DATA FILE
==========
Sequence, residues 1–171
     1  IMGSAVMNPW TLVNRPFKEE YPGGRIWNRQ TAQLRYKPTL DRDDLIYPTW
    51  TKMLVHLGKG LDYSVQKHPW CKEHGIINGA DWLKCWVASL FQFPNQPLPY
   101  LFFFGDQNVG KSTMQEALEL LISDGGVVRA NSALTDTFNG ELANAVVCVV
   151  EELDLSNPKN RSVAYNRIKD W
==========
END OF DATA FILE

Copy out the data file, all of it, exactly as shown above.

Sequence, residues 1–171
     1  IMGSAVMNPW TLVNRPFKEE YPGGRIWNRQ TAQLRYKPTL DRDDLIYPTW
    51  TKMLVHLGKG LDYSVQKHPW CKEHGIINGA DWLKCWVASL FQFPNQPLPY
   101  LFFFGDQNVG KSTMQEALEL LISDGGVVRA NSALTDTFNG ELANAVVCVV
   151  EELDLSNPKN RSVAYNRIKD W